3.12 How do I pray the Rosary?
While praying the rosary, we recall certain events in the lives of Jesus and Mary. These events are called the ‘mysteries of the rosary’. The rosary is like a wreath of prayers (roses) that we offer to Mary, while we ask for her prayer. The structure of the rosary is briefly described in the #TwGOD app.
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The Wisdom of the Church
How does the Church pray to Mary?
Above all with the Hail Mary, the prayer with which the Church asks the intercession of the Virgin. Other Marian prayers are the Rosary, the Akathistos hymn, the Paraclesis, and the hymns and canticles of diverse Christian traditions. [CCCC 563]
How do you pray the Rosary?
- In the name of the Father …
- Apostles’ Creed
- Our Father
- Three Hail Marys
- “Glory be to the Father, and to the Son, and to the Holy Spirit, as it was in the beginning, is now and ever shall be, world without end. Amen.”
- Five decades, each with one Our Father, ten Hail Marys, and a Glory Be to the Father.
The complete Rosary consists of Joyful, Luminous, Sorrowful, and Glorious Mysteries.
- The Joyful Mysteries (Monday, Saturday)
- The Annunciation
- The Visitation
- The Nativity
- The Presentation of the Child Jesus in the Temple
- The Finding of the Child Jesus in the Temple
- The Luminous Mysteries (Thursday)
- The Baptism in the Jordan
- The Wedding Feast at Cana
- The Proclamation of the Kingdom of God and Repentance for Sin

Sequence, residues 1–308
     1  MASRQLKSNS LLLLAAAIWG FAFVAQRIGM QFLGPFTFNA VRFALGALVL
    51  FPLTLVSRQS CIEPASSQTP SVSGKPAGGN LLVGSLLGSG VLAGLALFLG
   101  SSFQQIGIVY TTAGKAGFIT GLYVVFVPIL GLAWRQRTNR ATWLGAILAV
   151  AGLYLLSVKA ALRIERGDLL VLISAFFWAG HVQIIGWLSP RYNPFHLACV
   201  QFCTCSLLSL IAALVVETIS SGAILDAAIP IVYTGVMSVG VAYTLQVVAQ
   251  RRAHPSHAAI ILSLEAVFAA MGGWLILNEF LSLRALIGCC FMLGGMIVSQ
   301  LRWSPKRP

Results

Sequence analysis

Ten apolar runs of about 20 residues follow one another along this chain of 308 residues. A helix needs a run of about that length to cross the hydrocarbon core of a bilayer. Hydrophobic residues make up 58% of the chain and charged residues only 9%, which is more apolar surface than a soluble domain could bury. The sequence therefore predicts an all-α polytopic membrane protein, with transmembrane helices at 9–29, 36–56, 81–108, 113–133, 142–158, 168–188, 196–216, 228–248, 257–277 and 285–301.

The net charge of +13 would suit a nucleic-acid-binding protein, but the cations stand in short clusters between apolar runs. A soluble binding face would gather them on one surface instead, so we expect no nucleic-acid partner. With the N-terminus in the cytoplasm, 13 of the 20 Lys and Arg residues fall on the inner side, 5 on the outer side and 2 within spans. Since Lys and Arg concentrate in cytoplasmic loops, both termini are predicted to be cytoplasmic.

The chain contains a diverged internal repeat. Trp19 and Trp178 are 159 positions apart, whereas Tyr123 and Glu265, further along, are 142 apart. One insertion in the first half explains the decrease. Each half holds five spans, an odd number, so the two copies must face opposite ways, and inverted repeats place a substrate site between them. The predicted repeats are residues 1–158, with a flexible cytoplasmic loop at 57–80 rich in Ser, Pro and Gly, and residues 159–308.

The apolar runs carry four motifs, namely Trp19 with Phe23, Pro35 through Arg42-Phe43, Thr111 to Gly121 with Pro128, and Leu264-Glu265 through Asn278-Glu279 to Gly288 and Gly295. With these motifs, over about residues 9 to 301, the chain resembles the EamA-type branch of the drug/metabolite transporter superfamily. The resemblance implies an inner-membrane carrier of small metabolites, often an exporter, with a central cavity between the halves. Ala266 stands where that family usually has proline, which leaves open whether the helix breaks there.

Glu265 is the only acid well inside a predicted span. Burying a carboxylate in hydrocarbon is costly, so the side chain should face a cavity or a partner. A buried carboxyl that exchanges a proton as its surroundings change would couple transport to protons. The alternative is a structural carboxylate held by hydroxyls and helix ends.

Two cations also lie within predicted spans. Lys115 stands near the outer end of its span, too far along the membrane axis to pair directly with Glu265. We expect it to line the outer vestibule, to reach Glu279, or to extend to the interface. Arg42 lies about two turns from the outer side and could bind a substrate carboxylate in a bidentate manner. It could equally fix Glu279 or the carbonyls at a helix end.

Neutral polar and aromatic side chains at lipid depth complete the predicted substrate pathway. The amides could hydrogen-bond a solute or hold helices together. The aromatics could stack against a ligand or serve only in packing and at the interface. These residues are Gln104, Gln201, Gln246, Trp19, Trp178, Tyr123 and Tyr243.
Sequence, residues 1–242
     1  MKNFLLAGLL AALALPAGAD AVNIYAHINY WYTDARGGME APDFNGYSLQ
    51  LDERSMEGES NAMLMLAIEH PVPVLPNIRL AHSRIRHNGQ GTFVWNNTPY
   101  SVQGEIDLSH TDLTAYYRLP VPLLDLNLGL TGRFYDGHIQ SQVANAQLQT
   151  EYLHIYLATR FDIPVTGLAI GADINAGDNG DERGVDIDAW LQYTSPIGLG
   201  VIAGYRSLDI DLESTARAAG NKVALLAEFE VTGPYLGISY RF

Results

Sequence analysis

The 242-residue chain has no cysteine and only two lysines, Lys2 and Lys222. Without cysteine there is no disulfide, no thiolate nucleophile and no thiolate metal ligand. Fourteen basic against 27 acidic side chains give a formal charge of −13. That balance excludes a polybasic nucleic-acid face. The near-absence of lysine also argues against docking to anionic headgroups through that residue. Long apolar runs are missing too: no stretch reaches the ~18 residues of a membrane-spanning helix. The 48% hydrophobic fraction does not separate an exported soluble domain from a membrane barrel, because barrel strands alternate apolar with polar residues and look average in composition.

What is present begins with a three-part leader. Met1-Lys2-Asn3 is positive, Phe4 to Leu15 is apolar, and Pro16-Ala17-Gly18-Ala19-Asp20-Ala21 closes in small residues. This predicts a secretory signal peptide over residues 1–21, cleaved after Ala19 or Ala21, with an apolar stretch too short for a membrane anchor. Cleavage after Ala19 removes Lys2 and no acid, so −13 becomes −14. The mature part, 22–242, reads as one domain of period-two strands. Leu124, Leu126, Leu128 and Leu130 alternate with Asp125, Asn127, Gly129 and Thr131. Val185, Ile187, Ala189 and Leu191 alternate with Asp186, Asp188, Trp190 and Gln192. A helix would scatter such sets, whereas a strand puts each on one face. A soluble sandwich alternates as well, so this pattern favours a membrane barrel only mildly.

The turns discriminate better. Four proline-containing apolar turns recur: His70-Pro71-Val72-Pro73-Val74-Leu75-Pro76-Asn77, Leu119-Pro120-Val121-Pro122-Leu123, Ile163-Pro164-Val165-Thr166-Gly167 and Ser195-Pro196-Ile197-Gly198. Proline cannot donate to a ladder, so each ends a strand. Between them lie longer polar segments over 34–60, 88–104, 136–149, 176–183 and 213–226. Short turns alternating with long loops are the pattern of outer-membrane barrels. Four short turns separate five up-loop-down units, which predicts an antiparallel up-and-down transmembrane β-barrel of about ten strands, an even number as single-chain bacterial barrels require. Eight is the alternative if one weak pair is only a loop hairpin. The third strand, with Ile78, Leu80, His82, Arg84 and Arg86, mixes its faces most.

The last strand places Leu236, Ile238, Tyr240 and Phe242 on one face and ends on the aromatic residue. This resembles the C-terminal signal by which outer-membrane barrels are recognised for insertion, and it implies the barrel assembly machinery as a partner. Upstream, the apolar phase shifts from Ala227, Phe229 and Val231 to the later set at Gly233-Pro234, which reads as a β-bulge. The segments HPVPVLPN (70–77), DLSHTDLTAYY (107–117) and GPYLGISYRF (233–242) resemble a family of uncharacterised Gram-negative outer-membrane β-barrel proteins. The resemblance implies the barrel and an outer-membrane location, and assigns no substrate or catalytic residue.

- The Transfiguration
- The Institution of the Holy Eucharist
- The Sorrowful Mysteries (Tuesday, Friday)
- The Agony in the Garden
- The Scourging at the Pillar
- The Crowning with Thorns
- The Carrying of the Cross
- The Crucifixion
- The Glorious Mysteries (Wednesday, Sunday)
- The Resurrection
- The Ascension
- The Descent of the Holy Spirit
- The Assumption of the Blessed Virgin Mary
- The Crowning of the Blessed Virgin Mary as Queen of Heaven
This is what the Popes say
The Rosary, precisely because it starts with Mary's own experience, is an exquisitely contemplative prayer... Without contemplation, the Rosary is a body without a soul, and its recitation runs the risk of becoming a mechanical repetition of formulas, in violation of the admonition of Christ: 'In praying do not heap up empty phrases as the Gentiles do; for they think they will be heard for their many words' (Mt 6:7). By its nature the recitation of the Rosary calls for a quiet rhythm and a lingering pace, helping the individual to meditate on the mysteries of the Lord's life as seen through the eyes of her who was closest to the Lord. In this way the unfathomable riches of these mysteries are disclosed. [Pope John Paul II, Rosarium Virginis Mariae, n. 12]